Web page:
However, in reality it was all a public façade to mask what actually transpired in Carnegie’s steel mills. In 1892, the public got a glimpse of just how ruthless Carnegie’s management team was towards union workers during the Homestead Strike. The management at Carnegie Steel were seen by the unions as sinister industrialists and executive who used all their might to shortchange the public and exploit the workers.

Carnegie’s use of strikebreakers

Contrary to the statements he put out in the public of his support for trade unions, the steel magnate opposed the formation of unions in any of his steel mill. On numerous occasions, he employed the services of strikebreakers to root out every trace of union-enthusiasts in his factories.

Carnegie on trade unions

Carnegie’s fight against eight-hour shifts

The reason why Carnegie, like many of his fellow industrialists, opposed trade unions was that unions tended to agitate for increased wages, which in turn caused production cost to go up. His goal was to operate his empire as efficient as possible so that those gains could be passed on to customers as reduced prices. To achieve this, he compelled his workers to work very long hours, way beyond the eight-hour work day that the trade unions were fighting for.

Carnegie tasked his management team to bring back the 12-hour work shifts. The workers were further outraged by Carnegie’s decision to tie their wages to the price of steel. After months of negotiations between management and the workers, management prevailed and imposed those poor working conditions on the workers.

Events that led to the Homestead Strike in 1892

In 1883, Carnegie, as part of his efforts to consolidate his gains in the steel industry, acquired the Homestead steel mill, located near Pittsburgh, Pennsylvania. It’s been estimated that he invested millions of U.S. Dollars bringing the mill up to par with industry standards. In a few years, the Homestead plant had grown to be an important part of Carnegie’s business empire.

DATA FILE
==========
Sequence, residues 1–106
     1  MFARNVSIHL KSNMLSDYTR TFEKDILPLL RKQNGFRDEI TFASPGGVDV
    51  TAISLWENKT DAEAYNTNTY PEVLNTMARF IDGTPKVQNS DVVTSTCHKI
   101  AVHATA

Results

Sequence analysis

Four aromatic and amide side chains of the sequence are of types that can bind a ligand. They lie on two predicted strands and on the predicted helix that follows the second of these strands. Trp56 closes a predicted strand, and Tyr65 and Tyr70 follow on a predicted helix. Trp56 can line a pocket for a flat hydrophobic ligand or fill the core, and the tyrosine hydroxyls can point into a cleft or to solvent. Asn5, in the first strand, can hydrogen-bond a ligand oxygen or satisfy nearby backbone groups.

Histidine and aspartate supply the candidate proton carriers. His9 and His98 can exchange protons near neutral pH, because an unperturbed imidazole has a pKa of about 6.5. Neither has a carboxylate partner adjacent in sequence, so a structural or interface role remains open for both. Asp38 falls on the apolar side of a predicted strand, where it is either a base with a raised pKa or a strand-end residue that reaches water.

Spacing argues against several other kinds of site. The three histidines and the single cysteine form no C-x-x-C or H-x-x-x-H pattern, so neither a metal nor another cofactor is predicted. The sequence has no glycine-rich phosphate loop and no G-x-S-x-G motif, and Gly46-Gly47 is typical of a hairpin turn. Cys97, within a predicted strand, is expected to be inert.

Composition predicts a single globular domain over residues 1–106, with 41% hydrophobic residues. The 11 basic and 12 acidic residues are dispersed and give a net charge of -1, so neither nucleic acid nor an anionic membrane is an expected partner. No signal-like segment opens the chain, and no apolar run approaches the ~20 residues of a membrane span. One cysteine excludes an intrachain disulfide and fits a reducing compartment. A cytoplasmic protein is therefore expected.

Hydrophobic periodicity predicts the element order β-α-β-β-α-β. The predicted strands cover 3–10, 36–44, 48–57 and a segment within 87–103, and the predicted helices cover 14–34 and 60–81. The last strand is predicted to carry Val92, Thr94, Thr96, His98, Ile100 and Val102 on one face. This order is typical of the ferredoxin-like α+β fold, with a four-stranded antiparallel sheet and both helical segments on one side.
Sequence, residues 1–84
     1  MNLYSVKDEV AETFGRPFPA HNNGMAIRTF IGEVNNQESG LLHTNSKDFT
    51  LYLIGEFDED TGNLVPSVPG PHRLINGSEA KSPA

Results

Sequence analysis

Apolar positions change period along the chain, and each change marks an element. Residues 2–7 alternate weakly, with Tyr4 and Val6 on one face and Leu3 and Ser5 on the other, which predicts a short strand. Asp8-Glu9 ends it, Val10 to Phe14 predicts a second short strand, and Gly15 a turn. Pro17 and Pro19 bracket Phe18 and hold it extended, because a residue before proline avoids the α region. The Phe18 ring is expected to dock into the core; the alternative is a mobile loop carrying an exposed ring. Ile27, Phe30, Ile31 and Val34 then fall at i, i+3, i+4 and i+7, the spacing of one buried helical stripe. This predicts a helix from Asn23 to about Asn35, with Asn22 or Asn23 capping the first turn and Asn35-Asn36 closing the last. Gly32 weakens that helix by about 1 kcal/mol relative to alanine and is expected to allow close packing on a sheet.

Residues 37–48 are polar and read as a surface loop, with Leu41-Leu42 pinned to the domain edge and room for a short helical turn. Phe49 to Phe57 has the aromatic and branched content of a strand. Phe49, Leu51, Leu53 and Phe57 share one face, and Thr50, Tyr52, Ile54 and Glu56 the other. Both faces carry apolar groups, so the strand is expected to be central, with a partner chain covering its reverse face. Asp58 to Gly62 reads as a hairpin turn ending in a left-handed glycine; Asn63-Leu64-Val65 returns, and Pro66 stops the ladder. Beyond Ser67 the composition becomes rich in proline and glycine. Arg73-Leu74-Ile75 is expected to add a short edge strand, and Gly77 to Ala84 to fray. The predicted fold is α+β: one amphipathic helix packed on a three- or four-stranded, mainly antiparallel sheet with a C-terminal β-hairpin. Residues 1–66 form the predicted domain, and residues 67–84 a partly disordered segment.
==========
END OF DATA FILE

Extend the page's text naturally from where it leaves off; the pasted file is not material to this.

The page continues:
Upon purchasing the Homestead mill, Carnegie set out to clip the immense power of his workers’ union – the Amalgamated Association of Iron and Steel Workers.

In 1892, Carnegie informed the Homestead plant workers of his intention to keep only non-Union workers. Believing that the union workers would comply with those directives, Carnegie went to Scotland for his yearly vacation. He tasked the head of his management team, Henry Clay Frick, to see out a deal with the workers.

Under Frick’s leadership, Homestead mill became a battle ground that saw workers clash with management. Carnegie saw nothing wrong with Frick’s excessive use of force, stating his approval of his Frick’s negotiation tactics.

Hughey O’Donnell, Chairman of the Advisory Committee of the Amalgamated Association of Iron and Steel Workers.

When the barbed wires and metal fencing failed to keep the aggrieved union workers at bay, Frick proceeded to enforce the management lock out with a group of hired Pinkerton agents. Frick ordered that only non-union workers be allowed to enter the factory’s premises.

Tensions between management of Homestead and union workers turned deadly when over 300 Pinkerton agents clashed with the union workers. A riot then ensued on July 6, 1892, leaving at least ten people dead, including seven union workers and three Pinkerton agents.

Fearing that the confrontation could blow into unmanageable proportions, top state officials, under the request of Frick, sent in the National Guard to maintain order in the area.

Henry Frick enforced the lock out at the Homestead mill with a group of hired Pinkerton agents | Image: Andrew Carnegie’s general manager